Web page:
A Critical Ecohermeneutic Approach to Education
chapter seven—hermeneutics deep in the clearcut
hermeneutics deep in the clearcut
of the thousands of things
we always forget
millions of larger-than-human things
accomplish the three Rs
from to and of
even the smallest of streams
(Denholm, 2014, p. 16)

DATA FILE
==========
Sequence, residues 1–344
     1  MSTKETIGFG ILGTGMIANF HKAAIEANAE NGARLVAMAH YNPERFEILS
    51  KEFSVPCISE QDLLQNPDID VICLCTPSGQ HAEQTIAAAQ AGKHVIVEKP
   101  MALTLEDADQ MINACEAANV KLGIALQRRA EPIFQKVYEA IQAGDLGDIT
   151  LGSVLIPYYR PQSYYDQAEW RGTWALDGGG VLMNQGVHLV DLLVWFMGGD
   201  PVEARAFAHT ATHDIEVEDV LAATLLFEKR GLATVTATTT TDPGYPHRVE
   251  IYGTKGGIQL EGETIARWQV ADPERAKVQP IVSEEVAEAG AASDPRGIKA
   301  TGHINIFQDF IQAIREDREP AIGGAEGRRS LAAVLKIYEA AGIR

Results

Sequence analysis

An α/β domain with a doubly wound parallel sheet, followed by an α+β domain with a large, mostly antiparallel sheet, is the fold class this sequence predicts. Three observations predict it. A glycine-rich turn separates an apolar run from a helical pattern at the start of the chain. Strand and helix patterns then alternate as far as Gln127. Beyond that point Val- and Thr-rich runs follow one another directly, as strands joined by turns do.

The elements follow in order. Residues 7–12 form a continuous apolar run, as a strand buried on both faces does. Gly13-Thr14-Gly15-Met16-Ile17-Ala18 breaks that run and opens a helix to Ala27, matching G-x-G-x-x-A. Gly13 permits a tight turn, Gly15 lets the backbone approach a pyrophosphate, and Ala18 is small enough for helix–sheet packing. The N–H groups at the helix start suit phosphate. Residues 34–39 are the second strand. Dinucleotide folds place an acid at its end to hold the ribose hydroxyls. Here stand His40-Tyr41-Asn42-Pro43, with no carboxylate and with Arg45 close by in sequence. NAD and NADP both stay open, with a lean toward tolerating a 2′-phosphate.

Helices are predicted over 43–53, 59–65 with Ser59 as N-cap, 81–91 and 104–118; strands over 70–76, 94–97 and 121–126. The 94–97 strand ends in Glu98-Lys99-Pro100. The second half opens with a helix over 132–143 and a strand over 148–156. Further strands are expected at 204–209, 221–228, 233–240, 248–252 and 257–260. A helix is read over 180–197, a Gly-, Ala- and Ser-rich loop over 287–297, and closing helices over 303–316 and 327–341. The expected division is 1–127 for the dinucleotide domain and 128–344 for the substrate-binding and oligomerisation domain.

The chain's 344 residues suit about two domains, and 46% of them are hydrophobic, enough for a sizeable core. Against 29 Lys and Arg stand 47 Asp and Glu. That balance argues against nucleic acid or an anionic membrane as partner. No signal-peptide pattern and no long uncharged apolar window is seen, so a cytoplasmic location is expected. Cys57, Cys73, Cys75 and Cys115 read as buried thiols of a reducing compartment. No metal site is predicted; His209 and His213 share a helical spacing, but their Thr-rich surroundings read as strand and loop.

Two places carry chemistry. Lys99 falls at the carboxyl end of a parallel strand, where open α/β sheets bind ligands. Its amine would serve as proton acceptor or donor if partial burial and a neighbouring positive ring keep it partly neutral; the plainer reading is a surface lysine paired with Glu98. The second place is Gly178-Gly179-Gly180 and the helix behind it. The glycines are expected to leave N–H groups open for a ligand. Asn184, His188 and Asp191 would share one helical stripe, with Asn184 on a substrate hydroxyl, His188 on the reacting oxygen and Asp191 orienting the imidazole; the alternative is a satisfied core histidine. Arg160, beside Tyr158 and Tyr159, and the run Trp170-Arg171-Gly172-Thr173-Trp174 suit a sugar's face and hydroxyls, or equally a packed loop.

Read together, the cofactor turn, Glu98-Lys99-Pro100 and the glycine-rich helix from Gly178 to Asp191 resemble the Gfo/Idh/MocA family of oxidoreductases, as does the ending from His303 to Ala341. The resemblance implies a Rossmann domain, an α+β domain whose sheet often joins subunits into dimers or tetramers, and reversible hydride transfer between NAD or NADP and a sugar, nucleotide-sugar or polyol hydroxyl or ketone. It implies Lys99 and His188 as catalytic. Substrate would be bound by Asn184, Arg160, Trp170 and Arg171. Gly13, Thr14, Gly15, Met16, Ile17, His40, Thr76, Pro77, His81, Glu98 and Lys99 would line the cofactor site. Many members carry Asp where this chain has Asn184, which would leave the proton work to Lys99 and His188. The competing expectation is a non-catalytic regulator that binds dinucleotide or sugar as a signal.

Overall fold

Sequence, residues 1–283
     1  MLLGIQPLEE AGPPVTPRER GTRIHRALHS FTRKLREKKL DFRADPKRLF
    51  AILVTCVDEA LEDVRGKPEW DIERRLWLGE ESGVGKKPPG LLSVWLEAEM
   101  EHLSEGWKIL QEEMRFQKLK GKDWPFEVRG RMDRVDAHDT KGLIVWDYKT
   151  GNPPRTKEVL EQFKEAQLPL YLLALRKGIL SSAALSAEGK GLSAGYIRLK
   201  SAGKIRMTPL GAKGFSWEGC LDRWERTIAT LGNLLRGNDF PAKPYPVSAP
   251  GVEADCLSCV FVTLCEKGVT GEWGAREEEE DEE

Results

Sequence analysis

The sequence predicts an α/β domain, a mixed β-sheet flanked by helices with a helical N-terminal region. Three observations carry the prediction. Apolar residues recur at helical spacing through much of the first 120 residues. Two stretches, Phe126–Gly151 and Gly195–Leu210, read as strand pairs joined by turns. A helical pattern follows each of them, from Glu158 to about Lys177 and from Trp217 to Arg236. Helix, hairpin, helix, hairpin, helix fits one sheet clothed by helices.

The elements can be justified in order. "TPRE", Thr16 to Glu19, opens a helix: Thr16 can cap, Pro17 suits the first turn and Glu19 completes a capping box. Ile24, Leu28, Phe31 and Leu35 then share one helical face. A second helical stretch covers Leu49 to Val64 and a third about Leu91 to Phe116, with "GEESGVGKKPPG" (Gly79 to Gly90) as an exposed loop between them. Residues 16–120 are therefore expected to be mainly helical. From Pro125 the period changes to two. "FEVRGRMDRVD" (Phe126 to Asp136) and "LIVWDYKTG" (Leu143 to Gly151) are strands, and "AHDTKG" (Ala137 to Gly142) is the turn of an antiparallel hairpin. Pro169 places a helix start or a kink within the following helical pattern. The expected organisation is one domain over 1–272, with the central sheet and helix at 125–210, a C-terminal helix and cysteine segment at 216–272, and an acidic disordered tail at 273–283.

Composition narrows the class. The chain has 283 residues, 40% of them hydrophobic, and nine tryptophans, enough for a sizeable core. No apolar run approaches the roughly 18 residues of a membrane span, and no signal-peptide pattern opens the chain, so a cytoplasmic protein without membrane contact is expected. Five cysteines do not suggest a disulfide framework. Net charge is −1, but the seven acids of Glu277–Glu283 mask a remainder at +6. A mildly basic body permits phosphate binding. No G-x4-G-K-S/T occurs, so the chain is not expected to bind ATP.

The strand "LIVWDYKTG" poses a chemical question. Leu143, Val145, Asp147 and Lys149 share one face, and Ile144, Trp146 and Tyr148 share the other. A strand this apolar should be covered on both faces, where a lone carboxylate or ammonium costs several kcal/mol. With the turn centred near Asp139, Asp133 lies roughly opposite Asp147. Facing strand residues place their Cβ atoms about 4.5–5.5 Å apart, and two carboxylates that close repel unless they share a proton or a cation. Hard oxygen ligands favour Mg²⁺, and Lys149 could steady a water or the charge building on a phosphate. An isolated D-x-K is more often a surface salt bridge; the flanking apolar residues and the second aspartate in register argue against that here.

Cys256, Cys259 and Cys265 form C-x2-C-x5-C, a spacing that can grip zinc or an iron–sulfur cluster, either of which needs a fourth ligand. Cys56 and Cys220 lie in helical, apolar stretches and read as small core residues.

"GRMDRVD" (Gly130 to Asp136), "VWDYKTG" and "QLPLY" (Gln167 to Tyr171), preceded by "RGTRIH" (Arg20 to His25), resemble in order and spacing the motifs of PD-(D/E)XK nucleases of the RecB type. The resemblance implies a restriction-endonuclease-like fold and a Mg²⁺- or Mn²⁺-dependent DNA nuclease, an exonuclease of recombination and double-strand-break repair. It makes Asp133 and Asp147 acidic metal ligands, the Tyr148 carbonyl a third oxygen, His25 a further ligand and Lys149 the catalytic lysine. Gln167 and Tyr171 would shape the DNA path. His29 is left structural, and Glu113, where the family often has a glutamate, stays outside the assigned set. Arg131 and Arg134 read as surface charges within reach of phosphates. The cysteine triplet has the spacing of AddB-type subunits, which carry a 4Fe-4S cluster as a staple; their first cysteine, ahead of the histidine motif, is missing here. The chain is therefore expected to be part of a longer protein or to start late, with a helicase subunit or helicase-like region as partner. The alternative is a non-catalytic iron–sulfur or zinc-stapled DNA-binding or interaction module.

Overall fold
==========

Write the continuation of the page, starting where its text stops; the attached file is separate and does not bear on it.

Let’s take a soil sample of the educational landscape. What are some of the cultural values and conventions the Canadian education system cultivates in future generations? Not specific prescribed learning outcomes or the “core competencies” evident in all areas of learning, but a sample of the topos from which our educational experiences emerge. Notwithstanding the potential fecundity of the intellectually rich traditions, disciplines and cultural artifacts that comprise the curriculum1 or the commitment of particular teachers to impart and model reflexive ways of thinking and an ethics of care—the substratum of education remains constituted by competition, abstraction, compliance, fatalism and ← 97 | 98 → dominion. Environmental educators Sean Blenkinsop and Chris Beeman add to the sample:
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